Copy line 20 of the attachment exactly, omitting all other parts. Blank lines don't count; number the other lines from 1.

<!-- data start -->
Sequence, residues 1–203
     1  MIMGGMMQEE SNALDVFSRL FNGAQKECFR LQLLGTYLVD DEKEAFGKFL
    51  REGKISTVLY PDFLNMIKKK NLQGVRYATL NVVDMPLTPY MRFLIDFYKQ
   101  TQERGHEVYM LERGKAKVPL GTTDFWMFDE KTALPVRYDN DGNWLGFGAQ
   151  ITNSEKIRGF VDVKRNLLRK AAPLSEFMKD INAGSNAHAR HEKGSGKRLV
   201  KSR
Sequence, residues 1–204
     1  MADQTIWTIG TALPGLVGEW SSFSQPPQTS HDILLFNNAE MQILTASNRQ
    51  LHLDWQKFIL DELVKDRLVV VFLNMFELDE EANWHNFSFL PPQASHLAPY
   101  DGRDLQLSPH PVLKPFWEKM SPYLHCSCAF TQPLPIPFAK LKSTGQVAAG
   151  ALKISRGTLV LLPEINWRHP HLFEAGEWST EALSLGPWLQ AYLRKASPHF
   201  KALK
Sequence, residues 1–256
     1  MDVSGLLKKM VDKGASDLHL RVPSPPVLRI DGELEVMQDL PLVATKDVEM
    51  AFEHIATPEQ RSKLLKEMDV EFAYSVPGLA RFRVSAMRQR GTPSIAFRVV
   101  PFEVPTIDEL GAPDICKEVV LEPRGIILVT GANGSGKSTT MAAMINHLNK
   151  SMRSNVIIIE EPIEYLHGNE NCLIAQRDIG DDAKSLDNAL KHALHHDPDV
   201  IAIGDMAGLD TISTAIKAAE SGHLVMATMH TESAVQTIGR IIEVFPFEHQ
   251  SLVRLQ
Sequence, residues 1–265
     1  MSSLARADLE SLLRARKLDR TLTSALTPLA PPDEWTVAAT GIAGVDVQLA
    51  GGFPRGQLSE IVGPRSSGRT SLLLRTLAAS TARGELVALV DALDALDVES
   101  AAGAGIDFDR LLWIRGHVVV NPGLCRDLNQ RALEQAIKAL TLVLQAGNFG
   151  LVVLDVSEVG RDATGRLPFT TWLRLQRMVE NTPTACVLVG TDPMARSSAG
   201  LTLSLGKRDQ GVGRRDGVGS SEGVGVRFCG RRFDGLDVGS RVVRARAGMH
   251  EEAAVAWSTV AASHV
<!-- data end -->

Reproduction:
Sequence, residues 1–265